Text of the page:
CITY & CORPORATE
Shopkeepers hit by 2.5% quarterly rise in business inflation
28 June 2010 | by The Retail Bulletin
Small shops face 6.70% increase in costs over last yearAccording to the latest edition of the Business Inflation Guide (BIG)
produced by MORE TH>N BUSINESS, Q1 2010 saw shopkeepers suffering one of the
biggest quarterly rise in costs since data was first recorded in 2005.
The sharp increase of 2.5% witnessed between January and March 2010
compounds what were a miserable fina l three quarters of 2009 for shopkeepers
in the UK.
While George Osbourne¹s first budget last week aimed to generate benefits
for SMEs in the longer term, with cuts in small business tax, there is no
immediate relief with small firms impacted by slow growing markets,
continuing difficulties in accessing finance and a VAT increase next year.
In terms of inflation, four quarters of consecutive cost rises means that
shopkeepers¹ costs have increased by 6.70% over the last year. Relating to
the whole of the UK, the BIG shows vehicle maintenance costs and tax
(7.53%), fuel costs (6.3%) and office equipment and furniture (5.8%) have
experienced the biggest increases in price.
Manufacturing companies are shown to be the worst affected by these hikes
with costs rising 2.9% between January and March and 7.6% over the past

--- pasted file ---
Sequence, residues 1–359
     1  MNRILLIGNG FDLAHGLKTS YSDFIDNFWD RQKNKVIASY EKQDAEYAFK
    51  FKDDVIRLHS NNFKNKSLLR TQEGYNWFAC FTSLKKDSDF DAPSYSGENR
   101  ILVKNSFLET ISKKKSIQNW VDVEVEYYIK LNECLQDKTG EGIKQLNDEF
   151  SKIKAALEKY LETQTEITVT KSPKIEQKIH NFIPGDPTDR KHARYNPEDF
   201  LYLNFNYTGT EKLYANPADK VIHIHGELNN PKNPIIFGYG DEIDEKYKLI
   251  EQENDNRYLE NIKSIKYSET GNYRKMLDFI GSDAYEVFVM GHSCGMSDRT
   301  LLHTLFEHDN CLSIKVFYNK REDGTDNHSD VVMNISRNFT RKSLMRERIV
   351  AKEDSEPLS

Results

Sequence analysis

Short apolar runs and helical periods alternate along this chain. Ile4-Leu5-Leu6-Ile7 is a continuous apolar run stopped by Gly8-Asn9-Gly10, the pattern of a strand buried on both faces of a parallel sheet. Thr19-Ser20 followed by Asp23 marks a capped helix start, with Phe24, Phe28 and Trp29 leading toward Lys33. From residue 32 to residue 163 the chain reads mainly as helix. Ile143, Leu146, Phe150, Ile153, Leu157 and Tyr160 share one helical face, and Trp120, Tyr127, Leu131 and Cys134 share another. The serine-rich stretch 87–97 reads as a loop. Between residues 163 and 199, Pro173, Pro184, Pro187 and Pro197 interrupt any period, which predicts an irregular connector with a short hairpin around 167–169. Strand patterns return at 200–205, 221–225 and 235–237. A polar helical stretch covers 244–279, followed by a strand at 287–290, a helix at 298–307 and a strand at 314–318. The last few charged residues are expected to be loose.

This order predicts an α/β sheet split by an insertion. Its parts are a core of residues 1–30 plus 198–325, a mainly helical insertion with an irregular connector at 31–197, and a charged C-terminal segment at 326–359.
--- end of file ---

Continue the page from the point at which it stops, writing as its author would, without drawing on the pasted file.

Across the regions, small businesses in Northern and Southern England saw
the biggest rise in costs both jumping 2.8%. The Midlands and Wales region
was close behind with a 2.7% increase over Q1. Scotland fared marginally
better with the lowest Q1 increase of 2.4%.
Head of MORE TH>N BUSINESS, Mike Bowman, said: ³These figures do not make
good reading for shopkeepers in the UK. They¹ve already seen revised
forecasts for slower economic growth than originally predicted and these
cost increases will undoubtedly test cash reserves for even further.
³The price of fuel is an ongoing concern. All evidence suggests this is a
cost that is only going to increase, and as we know, for many SMEs transport
is critical to the successful running of their businesses.
Stephen Roper, Professor of Enterprise at the Centre for Small and Medium
Sized Enterprises, Warwick Business School, said: ³Economic recovery looks
set to take longer than expected and shopkeepers are still facing a
challenge in getting financial support from banks. Subsequently, they are
being forced to push up prices for their customers in order to absorb rising
³BIG figures for Q3 and Q4 2009 appeared to show more stability for
shopkeepers with 0.5% and 1.5% rises respectively. This unwelcome 2.5% rise
indicates a return to volatility in the financial climate.
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